Posted by: rogermitchell | April 19, 2015

the selfish vote

Who should I vote for?

This is actually a very ambiguous question. It could be asking which candidate or party should I vote for, or it could be asking on whose behalf should I vote. I think for many people the latter interpretation is obvious, it’s me I should be voting on behalf of. The autonomous me, and my safety, my prosperity, my job, my future. Or if I go a bit wider it would be my family, my social or economic group, my tribe, class, race, locality, age-group and so on.

If I’m moral shouldn’t I vote for the others?

The next generation, the poor, the marginalized, the stranger, those on the receiving end of our government’s economic or foreign policy. I think the answer is yes, for sure. But how many voters are moral? Isn’t the whole idea of the autonomous individual that is at the heart of our western democracy primarily a selfish concept? I think so, and I think it it undermines democracy.  The word democracy comes from the Greek word demos and referred to the common people of the ancient Greek state. So democracy is government of the people by the people for the people. It’s not about autonomy, it’s about the common good, the good of everybody. If I vote for what’s good for me as an individual rather than what’s good for the common people, what Jesus called the multitude, then it’s not a democratic use of the vote but a selfish use. And it’s immoral, sinful, although perfectly legal.

Our current western values need to change

I believe that our values are changing and that many people want, and are working for, moral cultural change throughout society. They need encouragement and resources. Next weekend I’m participating in the Manchester University Lincoln Theological Institute Conference on Self and the City. The aim is to provide serious discussion on how to understand ourselves and how to behave in our changing world.  I shall be giving a paper and chairing a panel discussion on Do Cities Make us Selfish? http://religionandcivilsociety.com/self-the-society-april-2015/?SSScrollPosition=0 Of course we don’t just need theoretical resources, we need the relationships, connections and finances to change the way people think and behave. It takes time, but its happening. Until we change our common morality, the popular vote and our politicians and their parties will continue to promote selfish and partisan policies. The signs are that the British people no longer want business as usual. I hope and pray that the coming election will open up a lot more space for real democracy.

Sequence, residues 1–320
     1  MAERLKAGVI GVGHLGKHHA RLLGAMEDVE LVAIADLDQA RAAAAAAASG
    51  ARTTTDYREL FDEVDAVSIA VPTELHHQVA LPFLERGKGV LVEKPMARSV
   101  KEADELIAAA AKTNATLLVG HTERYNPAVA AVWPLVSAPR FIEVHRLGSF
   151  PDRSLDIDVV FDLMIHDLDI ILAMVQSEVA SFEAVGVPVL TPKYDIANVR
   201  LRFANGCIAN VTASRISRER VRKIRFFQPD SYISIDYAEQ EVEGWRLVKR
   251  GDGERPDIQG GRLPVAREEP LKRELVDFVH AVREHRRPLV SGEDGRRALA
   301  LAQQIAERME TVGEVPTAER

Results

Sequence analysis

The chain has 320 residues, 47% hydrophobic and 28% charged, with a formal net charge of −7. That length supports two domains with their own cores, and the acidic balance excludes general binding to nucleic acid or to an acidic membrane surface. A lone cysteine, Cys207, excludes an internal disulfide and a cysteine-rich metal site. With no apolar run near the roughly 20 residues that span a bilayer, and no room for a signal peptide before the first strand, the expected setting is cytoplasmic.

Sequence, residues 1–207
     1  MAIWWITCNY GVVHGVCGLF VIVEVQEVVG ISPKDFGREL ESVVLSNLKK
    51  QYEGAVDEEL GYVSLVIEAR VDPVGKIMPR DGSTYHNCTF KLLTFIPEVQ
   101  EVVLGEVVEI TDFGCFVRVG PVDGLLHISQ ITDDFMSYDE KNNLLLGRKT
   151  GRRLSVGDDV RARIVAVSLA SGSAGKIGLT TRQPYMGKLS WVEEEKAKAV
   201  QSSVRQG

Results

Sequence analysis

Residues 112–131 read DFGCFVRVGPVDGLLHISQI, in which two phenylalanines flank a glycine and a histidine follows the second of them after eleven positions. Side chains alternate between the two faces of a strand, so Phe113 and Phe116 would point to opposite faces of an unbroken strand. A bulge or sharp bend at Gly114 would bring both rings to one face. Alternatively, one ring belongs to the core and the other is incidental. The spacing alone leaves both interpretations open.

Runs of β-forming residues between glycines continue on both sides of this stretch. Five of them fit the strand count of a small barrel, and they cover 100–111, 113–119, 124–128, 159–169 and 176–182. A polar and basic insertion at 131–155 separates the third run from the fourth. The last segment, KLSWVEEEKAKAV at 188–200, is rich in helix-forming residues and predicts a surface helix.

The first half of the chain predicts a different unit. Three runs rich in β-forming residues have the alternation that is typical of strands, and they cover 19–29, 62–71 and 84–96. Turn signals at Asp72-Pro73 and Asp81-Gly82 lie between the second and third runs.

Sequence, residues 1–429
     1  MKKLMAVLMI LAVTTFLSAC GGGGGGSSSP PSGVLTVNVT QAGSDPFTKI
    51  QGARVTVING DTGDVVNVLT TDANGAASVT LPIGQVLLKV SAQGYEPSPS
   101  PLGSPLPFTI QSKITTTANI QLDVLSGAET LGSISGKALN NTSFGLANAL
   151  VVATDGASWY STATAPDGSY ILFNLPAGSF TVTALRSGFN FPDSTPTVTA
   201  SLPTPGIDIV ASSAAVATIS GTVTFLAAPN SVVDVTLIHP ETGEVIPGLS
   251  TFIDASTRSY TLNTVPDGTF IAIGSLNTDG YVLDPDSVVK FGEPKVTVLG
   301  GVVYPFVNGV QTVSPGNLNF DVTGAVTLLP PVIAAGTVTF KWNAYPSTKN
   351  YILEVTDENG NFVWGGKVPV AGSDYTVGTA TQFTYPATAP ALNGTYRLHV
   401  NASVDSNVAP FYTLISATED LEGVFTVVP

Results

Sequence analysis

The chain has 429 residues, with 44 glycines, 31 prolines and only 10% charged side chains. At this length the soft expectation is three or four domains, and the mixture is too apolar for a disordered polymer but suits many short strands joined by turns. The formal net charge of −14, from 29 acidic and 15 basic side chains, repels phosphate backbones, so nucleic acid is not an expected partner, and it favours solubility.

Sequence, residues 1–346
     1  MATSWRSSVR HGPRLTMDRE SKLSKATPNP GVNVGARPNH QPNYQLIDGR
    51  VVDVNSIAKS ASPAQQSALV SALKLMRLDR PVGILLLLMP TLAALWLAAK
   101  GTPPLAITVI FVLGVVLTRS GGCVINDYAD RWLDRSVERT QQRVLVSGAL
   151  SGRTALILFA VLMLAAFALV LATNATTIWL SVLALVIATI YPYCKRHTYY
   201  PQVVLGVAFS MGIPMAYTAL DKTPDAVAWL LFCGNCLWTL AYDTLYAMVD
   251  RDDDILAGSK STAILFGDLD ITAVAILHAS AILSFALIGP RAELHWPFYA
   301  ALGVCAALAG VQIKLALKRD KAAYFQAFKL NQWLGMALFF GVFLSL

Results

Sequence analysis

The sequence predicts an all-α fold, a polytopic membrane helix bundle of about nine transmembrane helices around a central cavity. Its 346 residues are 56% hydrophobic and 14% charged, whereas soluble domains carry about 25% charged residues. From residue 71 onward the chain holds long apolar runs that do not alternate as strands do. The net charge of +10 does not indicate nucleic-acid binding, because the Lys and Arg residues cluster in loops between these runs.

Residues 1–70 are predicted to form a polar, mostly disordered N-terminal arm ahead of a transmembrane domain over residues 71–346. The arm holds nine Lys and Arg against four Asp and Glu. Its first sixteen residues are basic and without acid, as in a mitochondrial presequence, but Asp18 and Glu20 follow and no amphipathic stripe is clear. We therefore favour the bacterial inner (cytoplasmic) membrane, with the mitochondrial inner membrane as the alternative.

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Responses

  1. Thanks for this piece Rog, it’s excellent. I’ve always baulked at the idea of people voting for their own best interests, I too have always considered it to be incredibly selfish. The way I’ve aligned my political thinking over the past 30 years has almost certainly been in opposition to my own (or my family’s) personal comfort or wealth. I’m glad you’ve articulated the need for thinking about considering multitude over self, more please! 🙂

    • In terms of more about considering the multitude over the self, as you put it, there’s a book on the post-liberal individual coming out later this year, edited by Benjamin Wood of the Lincoln Theological Institute. I’ve a chapter in it entitled “Autonomous selves or loved Others: A Theo-Political Perspective on the Individual.”

  2. I am really glad to hear the church addressing some of the issues listed in the details for the conference. I see so much space for the church to be involved in planning and development, as well as supporting communities here in Latvia and I would guess the same would be applicable elsewhere. Sometimes though they seem to be so involved in saving souls that they are not so interested in building community unless it is giving out of aid. They will miss out on that space I fear.

    • You are right. Re-positioning the church is a challenge. Whether it happens or not generally depends on what they think the gospel is. This is why it is such a crucial moment for rethinking theology.

  3. In my course this year on climate change adaptation I finished the term with a discussion of an article I had found on Salon.com. It is title “The Planet Won”. The first part of the article discusses the futility of voting or recycling or any individual act in terms of making a difference to the health and well-being of others and the planet. It notes that in zero sum economics individual actions are futile at best. They will not save the planet or others. Your vote doesn’t count.

    However, the article’s authors (both social scientists) go on to note that voting (or recycling or anything like that) does have an affect in two ways.
    1. It changes us as individuals. It changes our self-identity. So if I vote for the Green Party I am self identifying as someone who cares for the environment. That holds the possibility of other actions as I develop a lifestyle more committed to the environment and others.
    2. If you are going to vote, the authors urge us to vote well. That is vote for the government/candidates who will do the most to benefit society at large, provide for the poor, care for the earth etc. In other words, just as you have noted above we should use our individual actions to create a better world for others. That means laying aside our own agendas and voting for the general good. If enough of us do that then indeed one’s vote matters. I guess alternatively (though the authors do not say this) if enough of us vote our own personal interests, ie, vote badly, the society suffers.

    So yes, vote but make sure you vote well – that is, for the larger agenda of the good of others and the earth. That really is about the only reason to vote. Use your vote to make a difference even if it takes awhile for that difference to come about.


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